“I didn’t know that we were the repugnant other,” my student Tracy exclaimed as she entered the classroom and tossed her books on the table. “I didn’t know that anthropologists were interested in studying us at all!” “Yes, I imagine it comes as a surprise,” I responded as I finished moving the classroom desks into a semi-circle that was intended to facilitate the creation of spaces marked by open dialogue and diversity—core pedagogical concerns of the institution at which I was teaching. It was the second day of class, and Tracy’s comments were in response to Joel Robbins’s (2003) article “What Is a Christian? Notes toward an Anthropology of Christianity.” His discussion of Susan Harding’s infamous ‘repugnant cultural other’, which Robbins describes as an “anomalous mixture of the similar and the different” (ibid.: 193), had hit a nerve. Tracy’s question about anthropological interests in the Christian subject was an expected one, given that I was leading a special topics seminar on the Anthropology of Christianity to master of divinity students at the Candler School of Theology, a United Methodist seminary affiliated with Emory University in Atlanta, Georgia.
Islamic Education, Secularities, and the Portuguese Muslim
This article examines the relation between secularities, technologies of the self, and citizenship through an ethnography of Islamic education in Portugal. For the Islamic Community of Lisbon, the main institutional representative of Islam in Portugal, religious education is about the formation of religious subjects and the creation of embodied dispositions in relation to Islam. But it is also about being able to explain to others, Muslims and non-Muslims alike, what Islam is. This project for Islamic education has to be understood, I will argue, in the context of the production of a public Islam, secularized and liberal, that is tied to claims to citizenship made in Portuguese society for more than 60 years. While these discursive formations are partly a way to counteract stigma, it is also essential to understand them within the creation of a post-confessional Portuguese society. For members of the Islamic Community of Lisbon, supporting a project of secularization of the public sphere in such a historical context is a way to affirm their belonging.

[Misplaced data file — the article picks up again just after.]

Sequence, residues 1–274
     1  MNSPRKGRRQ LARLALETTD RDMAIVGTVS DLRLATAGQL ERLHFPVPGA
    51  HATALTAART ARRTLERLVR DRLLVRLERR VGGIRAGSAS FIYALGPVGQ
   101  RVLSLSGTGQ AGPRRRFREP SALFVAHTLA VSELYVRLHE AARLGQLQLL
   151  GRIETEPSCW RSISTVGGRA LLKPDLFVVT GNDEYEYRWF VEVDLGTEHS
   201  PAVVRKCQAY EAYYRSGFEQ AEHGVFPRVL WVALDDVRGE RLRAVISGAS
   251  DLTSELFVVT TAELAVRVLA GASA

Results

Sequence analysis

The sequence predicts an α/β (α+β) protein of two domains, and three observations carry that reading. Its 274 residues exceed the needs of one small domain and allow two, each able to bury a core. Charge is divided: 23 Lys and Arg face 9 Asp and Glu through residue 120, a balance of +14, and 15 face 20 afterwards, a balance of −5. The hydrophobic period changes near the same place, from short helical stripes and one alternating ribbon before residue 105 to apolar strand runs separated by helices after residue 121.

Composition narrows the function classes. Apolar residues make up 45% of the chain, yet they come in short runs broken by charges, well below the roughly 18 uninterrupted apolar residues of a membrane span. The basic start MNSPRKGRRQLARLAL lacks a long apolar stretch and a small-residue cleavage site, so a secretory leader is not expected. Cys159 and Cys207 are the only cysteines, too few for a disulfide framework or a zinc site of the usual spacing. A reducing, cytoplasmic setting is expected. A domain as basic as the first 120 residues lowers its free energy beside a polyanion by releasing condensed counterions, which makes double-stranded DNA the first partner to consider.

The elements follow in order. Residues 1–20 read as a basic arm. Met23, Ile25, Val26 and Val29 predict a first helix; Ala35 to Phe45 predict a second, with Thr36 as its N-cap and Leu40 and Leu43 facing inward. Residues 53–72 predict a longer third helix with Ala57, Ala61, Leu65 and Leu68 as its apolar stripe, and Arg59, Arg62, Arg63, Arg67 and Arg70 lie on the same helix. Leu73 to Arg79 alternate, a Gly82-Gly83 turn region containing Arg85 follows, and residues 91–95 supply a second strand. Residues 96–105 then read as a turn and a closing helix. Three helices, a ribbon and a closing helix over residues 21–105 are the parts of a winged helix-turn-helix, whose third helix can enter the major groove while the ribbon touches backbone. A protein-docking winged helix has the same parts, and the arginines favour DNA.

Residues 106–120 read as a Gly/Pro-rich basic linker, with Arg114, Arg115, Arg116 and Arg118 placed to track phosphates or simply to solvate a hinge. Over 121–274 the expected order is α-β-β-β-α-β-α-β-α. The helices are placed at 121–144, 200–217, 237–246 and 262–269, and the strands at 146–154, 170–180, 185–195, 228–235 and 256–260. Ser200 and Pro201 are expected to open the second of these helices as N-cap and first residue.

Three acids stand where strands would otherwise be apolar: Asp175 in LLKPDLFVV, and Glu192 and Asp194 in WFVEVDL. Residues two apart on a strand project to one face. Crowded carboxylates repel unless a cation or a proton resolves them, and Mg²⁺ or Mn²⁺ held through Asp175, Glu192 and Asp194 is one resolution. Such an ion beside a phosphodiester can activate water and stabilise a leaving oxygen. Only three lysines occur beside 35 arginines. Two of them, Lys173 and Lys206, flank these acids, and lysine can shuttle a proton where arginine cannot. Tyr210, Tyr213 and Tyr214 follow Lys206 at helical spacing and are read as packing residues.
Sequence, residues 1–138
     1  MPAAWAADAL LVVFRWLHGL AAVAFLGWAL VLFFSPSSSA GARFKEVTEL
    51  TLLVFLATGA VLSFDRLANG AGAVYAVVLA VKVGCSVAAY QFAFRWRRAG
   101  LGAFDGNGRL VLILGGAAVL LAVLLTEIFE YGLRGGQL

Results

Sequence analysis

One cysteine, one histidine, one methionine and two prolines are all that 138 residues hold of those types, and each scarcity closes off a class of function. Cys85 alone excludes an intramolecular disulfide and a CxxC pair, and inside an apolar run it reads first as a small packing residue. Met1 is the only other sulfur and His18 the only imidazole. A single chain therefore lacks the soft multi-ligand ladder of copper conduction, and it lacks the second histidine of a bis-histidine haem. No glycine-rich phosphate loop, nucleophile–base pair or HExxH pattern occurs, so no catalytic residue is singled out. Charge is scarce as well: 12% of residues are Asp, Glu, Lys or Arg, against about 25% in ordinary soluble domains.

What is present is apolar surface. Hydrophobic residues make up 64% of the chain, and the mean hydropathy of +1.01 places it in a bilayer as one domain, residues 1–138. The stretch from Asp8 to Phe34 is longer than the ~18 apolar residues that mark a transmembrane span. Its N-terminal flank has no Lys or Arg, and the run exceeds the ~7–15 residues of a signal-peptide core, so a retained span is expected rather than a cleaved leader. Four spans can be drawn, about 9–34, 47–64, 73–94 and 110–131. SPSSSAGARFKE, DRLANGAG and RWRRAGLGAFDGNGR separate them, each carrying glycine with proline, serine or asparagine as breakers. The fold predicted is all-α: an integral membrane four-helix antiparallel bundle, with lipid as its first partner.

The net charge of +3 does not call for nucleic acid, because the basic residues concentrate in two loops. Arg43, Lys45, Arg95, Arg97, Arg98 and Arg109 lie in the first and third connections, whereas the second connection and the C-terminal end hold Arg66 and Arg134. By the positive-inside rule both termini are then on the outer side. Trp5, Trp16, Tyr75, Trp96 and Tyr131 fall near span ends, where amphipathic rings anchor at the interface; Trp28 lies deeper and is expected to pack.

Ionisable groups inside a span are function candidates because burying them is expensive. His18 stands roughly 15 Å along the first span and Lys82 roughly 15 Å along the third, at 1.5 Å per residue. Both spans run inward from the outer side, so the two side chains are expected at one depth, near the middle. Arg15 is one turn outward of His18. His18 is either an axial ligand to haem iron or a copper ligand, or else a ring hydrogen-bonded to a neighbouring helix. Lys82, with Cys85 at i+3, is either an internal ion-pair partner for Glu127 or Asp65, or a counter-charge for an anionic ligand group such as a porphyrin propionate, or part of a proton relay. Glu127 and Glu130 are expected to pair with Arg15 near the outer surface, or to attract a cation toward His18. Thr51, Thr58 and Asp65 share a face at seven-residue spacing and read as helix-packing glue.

Around Birgit Meyer’s "Mediation and the Genesis of Presence: Toward a Material Approach to Religion"
Hans Belting, Pamela Klassen, Birgit Meyer, Christopher Pinney, and Monique Scheer
In the fall of 2011, I was appointed to the Chair of Religious Studies in the Department of Religious Studies and Theology in the Faculty of Humanities. As I soon realized, my appointment occurred amid major transitions regarding the institutionalization of the study of religion at Utrecht University. This is part of a broader trend of renegotiating the space between ‘theology’ and ‘religious studies’. This trend echoes a wider process of ‘unchurching’: as the number of students of theology declines nationwide, religion in new and unexpected guises has become both a hot item and an intriguing socio-cultural and political phenomenon. Over the past year, as part of the process of adapting to my new post, I have grappled with these complicated institutional transformations.